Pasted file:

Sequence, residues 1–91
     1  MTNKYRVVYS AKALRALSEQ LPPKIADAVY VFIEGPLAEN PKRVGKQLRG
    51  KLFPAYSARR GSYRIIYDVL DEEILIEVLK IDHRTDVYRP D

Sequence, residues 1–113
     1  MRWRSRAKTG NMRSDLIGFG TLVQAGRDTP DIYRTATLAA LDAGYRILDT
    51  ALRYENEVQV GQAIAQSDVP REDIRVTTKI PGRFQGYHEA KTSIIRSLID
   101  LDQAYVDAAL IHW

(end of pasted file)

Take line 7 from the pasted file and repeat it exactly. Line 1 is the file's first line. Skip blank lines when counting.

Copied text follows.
   101  LDQAYVDAAL IHW